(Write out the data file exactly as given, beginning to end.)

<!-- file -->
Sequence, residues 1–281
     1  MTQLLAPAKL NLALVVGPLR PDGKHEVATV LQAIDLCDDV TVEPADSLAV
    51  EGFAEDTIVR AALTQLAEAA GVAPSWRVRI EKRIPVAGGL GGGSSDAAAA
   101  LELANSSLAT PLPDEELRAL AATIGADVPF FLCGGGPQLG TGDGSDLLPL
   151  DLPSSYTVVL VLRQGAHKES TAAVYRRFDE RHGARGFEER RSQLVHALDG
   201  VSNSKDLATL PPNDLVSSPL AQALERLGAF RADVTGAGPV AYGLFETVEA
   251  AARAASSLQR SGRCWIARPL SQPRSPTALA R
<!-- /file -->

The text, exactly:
Sequence, residues 1–281
     1  MTQLLAPAKL NLALVVGPLR PDGKHEVATV LQAIDLCDDV TVEPADSLAV
    51  EGFAEDTIVR AALTQLAEAA GVAPSWRVRI EKRIPVAGGL GGGSSDAAAA
   101  LELANSSLAT PLPDEELRAL AATIGADVPF FLCGGGPQLG TGDGSDLLPL
   151  DLPSSYTVVL VLRQGAHKES TAAVYRRFDE RHGARGFEER RSQLVHALDG
   201  VSNSKDLATL PPNDLVSSPL AQALERLGAF RADVTGAGPV AYGLFETVEA
   251  AARAASSLQR SGRCWIARPL SQPRSPTALA R